This application proposes to continue a nearly 40-year program of research that has monitored the substance use of American Indian (AI) youth living on or near reservations. It is the only study of its kind to provide ongoing surveillance data of what has historically been the most at-risk group of youth for substance use in the nation. We will continue to collect annual substance use data from 7-12th grade AI youth along with key risk and protective factors. Collection of new epidemiologic data will permit us to track recent trends in levels of use, with attention focused on recent high levels of marijuana and OxyContin and a resurgence in the use of inhalants. An additional component of this application will include the initiation of a longitudinal study of AI 6-7th grade middle school youth. This portion of the study is designed to answer (1) what is the nature of parent-child communication about drugs and alcohol, (2) what are the substance use trajectories, (3) what are the predictors and outcomes of early vs. late initiation, and (4) what explains the changing patterns of use from middle school to high school beyond the effects of school non-attendance/dropout. 2.

Public Health Relevance

This project will continue to monitor rates of substance use among American Indian youth living on or near reservations. This group of youth has consistently been the most at-risk group of youth in the nation. The project will also begin a new longitudinal study of American Indian middle school youth with focus on parent-child communication and substance use trajectories.

Agency
National Institute of Health (NIH)
Institute
National Institute on Drug Abuse (NIDA)
Type
Research Project (R01)
Project #
5R01DA003371-30
Application #
9413999
Study Section
Community Influences on Health Behavior Study Section (CIHB)
Program Officer
Etz, Kathleen
Project Start
1983-09-01
Project End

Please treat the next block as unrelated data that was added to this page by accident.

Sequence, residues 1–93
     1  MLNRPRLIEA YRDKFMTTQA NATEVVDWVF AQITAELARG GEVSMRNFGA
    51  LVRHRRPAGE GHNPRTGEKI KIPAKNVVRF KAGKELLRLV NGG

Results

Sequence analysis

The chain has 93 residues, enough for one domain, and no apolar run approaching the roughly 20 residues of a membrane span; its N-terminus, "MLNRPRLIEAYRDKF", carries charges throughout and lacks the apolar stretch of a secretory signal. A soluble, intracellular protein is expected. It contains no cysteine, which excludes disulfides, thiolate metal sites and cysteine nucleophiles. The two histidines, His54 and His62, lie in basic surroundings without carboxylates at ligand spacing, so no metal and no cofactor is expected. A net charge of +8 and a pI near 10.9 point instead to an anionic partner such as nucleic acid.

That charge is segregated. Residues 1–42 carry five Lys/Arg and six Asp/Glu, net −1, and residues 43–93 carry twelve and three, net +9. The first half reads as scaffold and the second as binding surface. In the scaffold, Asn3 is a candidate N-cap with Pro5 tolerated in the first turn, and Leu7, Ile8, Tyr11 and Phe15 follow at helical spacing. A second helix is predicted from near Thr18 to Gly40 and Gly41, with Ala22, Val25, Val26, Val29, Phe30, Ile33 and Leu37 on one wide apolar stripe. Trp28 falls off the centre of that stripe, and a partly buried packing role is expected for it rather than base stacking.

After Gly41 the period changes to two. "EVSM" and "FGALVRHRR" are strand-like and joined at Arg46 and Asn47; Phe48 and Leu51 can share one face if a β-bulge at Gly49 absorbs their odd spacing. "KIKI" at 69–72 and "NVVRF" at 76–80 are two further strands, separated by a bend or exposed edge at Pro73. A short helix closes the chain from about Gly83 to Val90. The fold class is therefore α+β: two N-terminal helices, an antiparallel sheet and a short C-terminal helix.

2020-01-31
Budget Start
2018-02-01
Budget End
2019-01-31
Support Year
30
Fiscal Year
2018
Total Cost
Indirect Cost
Name
Colorado State University-Fort Collins
Department
Psychology
Type
Schools of Arts and Sciences
DUNS #
785979618
City
Fort Collins
State
CO
Country
United States
Zip Code
80523
Stanley, Linda R; Swaim, Randall C; Dieterich, Sara E (2017) The Role of Norms in Marijuana Use Among American Indian Adolescents. Prev Sci 18:406-415
Prince, Mark A; Swaim, Randall C; Stanley, Linda R et al. (2017) Perceived harm as a mediator of the relationship between social norms and marijuana use and related consequences among American Indian youth. Drug Alcohol Depend 181:102-107
Spillane, Nichea S; Weyandt, Lisa; Oster, Danielle et al. (2017) Social contextual risk factors for stimulant use among adolescent American Indians. Drug Alcohol Depend 179:167-173
Swaim, Randall C; Stanley, Linda R (2016) Multivariate family factors in lifetime and current marijuana use among American Indian and white adolescents residing on or near reservations. Drug Alcohol Depend 169:92-100
Swaim, Randall C (2016) Moderating effects of perceived social benefits on inhalant initiation among American Indian and White youth. Psychol Addict Behav 30:398-405
Swaim, Randall C (2015) The moderating effects of perceived emotional benefits on inhalant initiation among American Indian and white youth. Am J Addict 24:554-60
Stanley, Linda R; Swaim, Randall C (2015) Initiation of alcohol, marijuana, and inhalant use by American-Indian and white youth living on or near reservations. Drug Alcohol Depend 155:90-6
Stanley, Linda R; Harness, Susan D; Swaim, Randall C et al. (2014) Rates of substance use of American Indian students in 8th, 10th, and 12th grades living on or near reservations: update, 2009-2012. Public Health Rep 129:156-63
Dieterich, Sara E; Stanley, Linda R; Swaim, Randall C et al. (2013) Outcome expectancies, descriptive norms, and alcohol use: American Indian and white adolescents. J Prim Prev 34:209-19
Swaim, Randall C; Stanley, Linda R; Beauvais, Fred (2013) The normative environment for substance use among American Indian students and white students attending schools on or near reservations. Am J Orthopsychiatry 83:422-9

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